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Attending the rally outside the ‘Roundhouse’ in Santa Fe on Saturday, February the 26th, in support of public employee unions and the Democratic state senators of Wisconsin, made me remember that the current world-wide wave to reclaim self-determination began with Muhammad Bouazizi in Tunisia.
Bouazizi, a young, once-obscure street vendor despairing of justice, set himself on fire as his protest against corruption, humiliation and the untouchable power of the entrenched few. That desperate, defiant act by Mr Bouazizi, like the fabled beating of the butterfly’s wings that swelled into a tidal wave, seems to have reverberated around much of our planet.
To me, the subsequent non-violent uprising in Egypt--again led by students and lawyers--was the most stirring Asain event of its kind since Gandhi’s march to the sea to collect salt. But now the Egyptian military and the Moslem Brotherhood appear poised to snatch Egypt’s future away from the aspiring progressive youth and professionals who had the guts to demand freedom and democracy.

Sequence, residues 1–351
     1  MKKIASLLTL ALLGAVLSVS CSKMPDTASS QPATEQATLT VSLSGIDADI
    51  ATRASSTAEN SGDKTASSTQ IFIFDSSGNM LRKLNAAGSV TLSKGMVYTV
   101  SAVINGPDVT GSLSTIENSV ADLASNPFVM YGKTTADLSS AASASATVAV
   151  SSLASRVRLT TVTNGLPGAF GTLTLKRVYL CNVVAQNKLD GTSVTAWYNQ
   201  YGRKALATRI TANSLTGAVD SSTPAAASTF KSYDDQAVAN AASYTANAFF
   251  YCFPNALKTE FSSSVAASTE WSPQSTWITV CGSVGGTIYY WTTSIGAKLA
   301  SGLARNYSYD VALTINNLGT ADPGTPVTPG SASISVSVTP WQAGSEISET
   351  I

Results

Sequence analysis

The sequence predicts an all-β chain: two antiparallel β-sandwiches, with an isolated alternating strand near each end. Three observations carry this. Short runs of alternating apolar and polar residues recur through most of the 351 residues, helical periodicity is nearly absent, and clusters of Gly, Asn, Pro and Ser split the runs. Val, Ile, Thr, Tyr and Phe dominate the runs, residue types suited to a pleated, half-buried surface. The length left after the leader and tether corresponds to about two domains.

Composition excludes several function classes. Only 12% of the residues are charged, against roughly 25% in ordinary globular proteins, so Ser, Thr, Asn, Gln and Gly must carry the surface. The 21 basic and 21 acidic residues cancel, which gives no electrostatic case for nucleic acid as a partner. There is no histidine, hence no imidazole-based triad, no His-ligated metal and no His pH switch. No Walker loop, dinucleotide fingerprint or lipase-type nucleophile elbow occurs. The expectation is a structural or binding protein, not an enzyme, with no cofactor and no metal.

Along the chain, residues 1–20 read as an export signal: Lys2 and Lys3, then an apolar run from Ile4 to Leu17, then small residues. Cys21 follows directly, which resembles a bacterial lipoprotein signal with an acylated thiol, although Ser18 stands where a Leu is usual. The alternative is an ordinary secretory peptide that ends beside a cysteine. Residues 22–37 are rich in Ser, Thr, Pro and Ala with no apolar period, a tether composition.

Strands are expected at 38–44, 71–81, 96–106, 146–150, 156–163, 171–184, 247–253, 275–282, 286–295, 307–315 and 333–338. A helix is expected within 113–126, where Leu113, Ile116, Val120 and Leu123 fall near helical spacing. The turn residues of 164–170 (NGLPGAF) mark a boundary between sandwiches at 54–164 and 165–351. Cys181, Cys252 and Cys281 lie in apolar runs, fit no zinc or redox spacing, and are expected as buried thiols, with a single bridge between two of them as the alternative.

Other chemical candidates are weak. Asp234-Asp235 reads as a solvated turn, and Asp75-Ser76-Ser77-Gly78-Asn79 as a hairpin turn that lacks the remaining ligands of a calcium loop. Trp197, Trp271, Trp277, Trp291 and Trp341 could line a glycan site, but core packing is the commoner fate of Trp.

Where now are the young progressives in the USA? There were about 1000 people demonstrating at the Roundhouse--men and women in about equal numbers, but not many young people.
It isn’t yet evident whether American youth of today or in the near future will rally to reclaim their individual rights and reverse Big Business’ successful campaign to claim human rights for business corporations. Or even whether young people will fight to rebalance the relationship between the governed and those who are supposed to govern in the public interest.
We old progressives and moderates may not be able to present our views more persuasively in the future than we have these past few decades. The case for individual rights, justice and opportunity for all must be made anew in each generation, for it is the young who will have to live with the consequences.